This one goes out especially for you grad. students out there, but perhaps veterans would have some responses as well.
Historiann has a typically engaging post on "Modern Graduate Studies and the Value of Historiography." I recommend it to all.
(Since we're historians, a little history: This post follows up on a discussion initiated last year, in which I participated a bit, on our annoyance at the cult of assessment and some of the rhetoric [not all, by any means] that emanates on occasion from teaching and learning centers [which inspired a rant of my own, "Why the More Time I Spend Doing Assessment, the Worse I Become as a Teacher, and Vice-Versa"]. Having just filled out another of those reports, I'm ready to rant again, but will restrain this time; don't get used to that).
Historiann's latest reflections occasion two thoughts here. First, the best teacher I ever had -- my graduate advisor Leon Litwack -- broke every rule in the "teaching and learning center" handbook; so did one of my other beloved teachers, the late Russian history scholar Martin Malia, who was about as far afield ideologically, personally, pedagogically, and professionally from Prof. Litwack as it is humanly possible to be. When we had a conference to honor Litwack some years back, I reflected on this very fact, asking the question, "how do you emulate the un-emulatable"? The answer, of course, is that you don't; but the answer also is that great teaching is singularly related to (albeit not guaranteed by, more on that below) absolute mastery of a field.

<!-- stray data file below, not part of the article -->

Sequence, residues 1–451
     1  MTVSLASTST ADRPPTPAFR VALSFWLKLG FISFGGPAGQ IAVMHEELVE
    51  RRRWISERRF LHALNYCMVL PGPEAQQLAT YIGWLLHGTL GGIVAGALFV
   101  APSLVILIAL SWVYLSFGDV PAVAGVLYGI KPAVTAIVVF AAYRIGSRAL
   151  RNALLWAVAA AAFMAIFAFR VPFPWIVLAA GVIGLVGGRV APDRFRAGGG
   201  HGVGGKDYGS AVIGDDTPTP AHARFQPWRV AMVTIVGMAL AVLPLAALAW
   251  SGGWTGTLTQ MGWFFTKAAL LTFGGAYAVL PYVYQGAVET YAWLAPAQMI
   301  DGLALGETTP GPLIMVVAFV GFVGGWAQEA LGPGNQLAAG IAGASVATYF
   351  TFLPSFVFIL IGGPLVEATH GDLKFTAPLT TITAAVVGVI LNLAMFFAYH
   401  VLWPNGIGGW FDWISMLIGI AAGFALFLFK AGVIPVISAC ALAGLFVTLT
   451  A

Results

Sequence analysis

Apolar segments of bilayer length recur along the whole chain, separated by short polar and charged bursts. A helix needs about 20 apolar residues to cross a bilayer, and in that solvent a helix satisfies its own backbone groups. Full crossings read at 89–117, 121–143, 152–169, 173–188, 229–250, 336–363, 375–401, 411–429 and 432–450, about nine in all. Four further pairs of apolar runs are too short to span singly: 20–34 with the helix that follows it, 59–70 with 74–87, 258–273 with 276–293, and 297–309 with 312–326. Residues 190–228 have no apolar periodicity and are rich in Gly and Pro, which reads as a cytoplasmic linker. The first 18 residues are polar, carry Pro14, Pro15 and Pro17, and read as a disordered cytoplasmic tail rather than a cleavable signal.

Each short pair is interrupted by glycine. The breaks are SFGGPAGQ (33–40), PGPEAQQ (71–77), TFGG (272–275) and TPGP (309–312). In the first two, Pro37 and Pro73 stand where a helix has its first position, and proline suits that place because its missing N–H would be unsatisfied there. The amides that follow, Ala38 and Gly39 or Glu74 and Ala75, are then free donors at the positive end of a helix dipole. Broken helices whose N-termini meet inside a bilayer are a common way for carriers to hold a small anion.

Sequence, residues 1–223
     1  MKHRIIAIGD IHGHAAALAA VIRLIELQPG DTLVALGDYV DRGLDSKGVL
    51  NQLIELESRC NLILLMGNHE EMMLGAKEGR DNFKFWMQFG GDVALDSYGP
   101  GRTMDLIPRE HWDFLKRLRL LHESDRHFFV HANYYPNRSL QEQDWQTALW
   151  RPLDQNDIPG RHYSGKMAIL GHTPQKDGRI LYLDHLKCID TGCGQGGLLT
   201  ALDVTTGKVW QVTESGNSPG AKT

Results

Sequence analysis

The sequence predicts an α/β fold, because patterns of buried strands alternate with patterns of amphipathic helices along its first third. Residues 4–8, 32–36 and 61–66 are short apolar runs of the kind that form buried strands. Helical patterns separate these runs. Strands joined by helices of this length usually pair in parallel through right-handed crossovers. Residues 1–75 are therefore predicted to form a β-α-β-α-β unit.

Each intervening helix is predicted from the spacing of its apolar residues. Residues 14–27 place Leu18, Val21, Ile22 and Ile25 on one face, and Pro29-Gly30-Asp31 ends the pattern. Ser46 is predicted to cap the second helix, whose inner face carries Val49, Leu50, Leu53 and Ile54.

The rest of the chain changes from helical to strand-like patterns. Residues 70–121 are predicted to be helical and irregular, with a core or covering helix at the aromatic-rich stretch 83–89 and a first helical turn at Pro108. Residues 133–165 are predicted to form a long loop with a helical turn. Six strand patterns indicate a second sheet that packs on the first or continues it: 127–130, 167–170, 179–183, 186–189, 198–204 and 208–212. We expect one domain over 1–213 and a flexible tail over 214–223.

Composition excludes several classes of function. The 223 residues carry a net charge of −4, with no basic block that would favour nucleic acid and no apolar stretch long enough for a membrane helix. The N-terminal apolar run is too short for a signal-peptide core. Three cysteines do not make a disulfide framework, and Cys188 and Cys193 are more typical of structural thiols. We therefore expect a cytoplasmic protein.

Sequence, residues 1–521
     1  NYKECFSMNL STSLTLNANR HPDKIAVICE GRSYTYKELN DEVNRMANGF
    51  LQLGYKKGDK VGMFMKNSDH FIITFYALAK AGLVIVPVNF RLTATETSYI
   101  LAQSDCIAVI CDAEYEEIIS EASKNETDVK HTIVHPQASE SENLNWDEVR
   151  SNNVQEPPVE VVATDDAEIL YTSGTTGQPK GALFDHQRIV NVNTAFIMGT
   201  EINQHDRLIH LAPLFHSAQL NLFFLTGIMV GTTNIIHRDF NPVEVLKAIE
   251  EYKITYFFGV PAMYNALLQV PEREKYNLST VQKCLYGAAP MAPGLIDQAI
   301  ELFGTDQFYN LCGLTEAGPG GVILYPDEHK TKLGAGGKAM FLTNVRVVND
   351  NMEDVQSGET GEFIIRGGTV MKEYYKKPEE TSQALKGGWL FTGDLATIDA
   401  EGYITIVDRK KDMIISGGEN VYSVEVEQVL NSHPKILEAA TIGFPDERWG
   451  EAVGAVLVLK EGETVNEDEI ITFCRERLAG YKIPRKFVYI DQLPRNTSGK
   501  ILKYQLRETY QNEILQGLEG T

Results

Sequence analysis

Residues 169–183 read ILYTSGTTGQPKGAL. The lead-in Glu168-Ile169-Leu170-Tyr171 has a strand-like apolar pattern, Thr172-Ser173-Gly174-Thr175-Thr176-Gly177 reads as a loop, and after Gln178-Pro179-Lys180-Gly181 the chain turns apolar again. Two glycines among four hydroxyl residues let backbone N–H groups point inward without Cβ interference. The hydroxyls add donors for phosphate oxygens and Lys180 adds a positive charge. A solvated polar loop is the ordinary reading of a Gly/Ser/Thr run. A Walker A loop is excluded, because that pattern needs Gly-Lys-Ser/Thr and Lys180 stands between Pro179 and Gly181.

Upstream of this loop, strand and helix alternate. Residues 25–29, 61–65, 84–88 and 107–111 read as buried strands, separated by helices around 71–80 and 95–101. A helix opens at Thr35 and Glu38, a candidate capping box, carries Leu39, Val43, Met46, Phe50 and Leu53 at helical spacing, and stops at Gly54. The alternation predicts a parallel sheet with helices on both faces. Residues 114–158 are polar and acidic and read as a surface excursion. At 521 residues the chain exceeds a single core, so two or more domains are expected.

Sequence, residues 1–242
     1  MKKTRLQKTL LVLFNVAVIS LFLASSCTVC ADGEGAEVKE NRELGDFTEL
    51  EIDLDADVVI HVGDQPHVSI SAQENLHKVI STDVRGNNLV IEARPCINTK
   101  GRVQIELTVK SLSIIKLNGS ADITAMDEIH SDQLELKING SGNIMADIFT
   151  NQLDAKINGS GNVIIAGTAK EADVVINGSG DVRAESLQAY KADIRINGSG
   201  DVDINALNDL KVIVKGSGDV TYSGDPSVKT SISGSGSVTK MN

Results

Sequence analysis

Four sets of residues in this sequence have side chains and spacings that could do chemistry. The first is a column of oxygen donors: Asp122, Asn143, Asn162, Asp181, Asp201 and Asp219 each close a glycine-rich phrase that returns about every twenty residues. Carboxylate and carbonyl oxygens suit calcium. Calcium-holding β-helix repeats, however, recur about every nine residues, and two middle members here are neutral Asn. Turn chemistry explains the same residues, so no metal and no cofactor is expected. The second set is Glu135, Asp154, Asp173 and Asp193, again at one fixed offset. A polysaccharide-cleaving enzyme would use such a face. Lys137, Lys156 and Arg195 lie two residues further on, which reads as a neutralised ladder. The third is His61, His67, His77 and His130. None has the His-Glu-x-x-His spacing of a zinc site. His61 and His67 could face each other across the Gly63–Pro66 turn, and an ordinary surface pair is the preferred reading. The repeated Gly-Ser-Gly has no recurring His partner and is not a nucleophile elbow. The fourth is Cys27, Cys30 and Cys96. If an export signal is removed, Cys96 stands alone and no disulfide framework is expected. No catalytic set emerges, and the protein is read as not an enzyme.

That's not to say the rules in those how-to-be-a-good-teacher-books and workshops don't have a lot of useful suggestions, nor that attending teaching/learning workshops isn't a good thing, nor that others who also break all those rules also happen to be horrible teachers (although I can only think of one that I ever saw at Berkeley who fit the stereotype of the fabled superannuated professor reading off outdated yellow notes to audibly bored undergraduates; it was impossible to restrain laughter at seeing such a stereotype so perfectly enacted in person). It's just to say that teaching liberal arts is an awfully mysterious and wonderfully personal art. May it ever remain so, even when we have to quantify "outcomes"; nay, especially when we have to do so. One of my goals is to foster confusion and ambiguity, and I have yet to figure out how to quanitfy that "learning outcome." Like Mario Savio and Charlie Chaplin, a little throwing of our bodies onto the machine is a good thing, as long as you get off in time.
Historiann's post also made me reflect on what kinds of "training" people have to teach American religious history. Anybody care to comment? Here's the training I had: none, nada, zilch. I was doing American history, and southern history, and back in the day we didn't really have anything, at Berkeley anyway, called religious history. Some other places probably did, even then; a lot more do now, either as separate programs, as sub-units within larger American history departments, or within ye olde Department of Religion or Religious Studies.
I have no idea what discussions are like among those training to research/teach American religious history, and whether there are moves afoot to fundamentally change something about graduate study in the field (especially along the lines of linking training more directly to teaching). Anybody want to share experiences in this regard. Rants welcome; for once, I've turned off my rant-o-tron. Does training to teach American religious history (or studies, or whatever) look like training for any other field of history? How about in Religious Studies?
Update: Last year Deg did a great series on his "uncoverage" approach to American religious history. Today, Historiann issues her own "Manifesto Against Coverage," this more generally in the American history survey. So in addition to the invitation for comments on the post above, feel free to talk about how you deal with the devil of "coverage" in the American religious history context.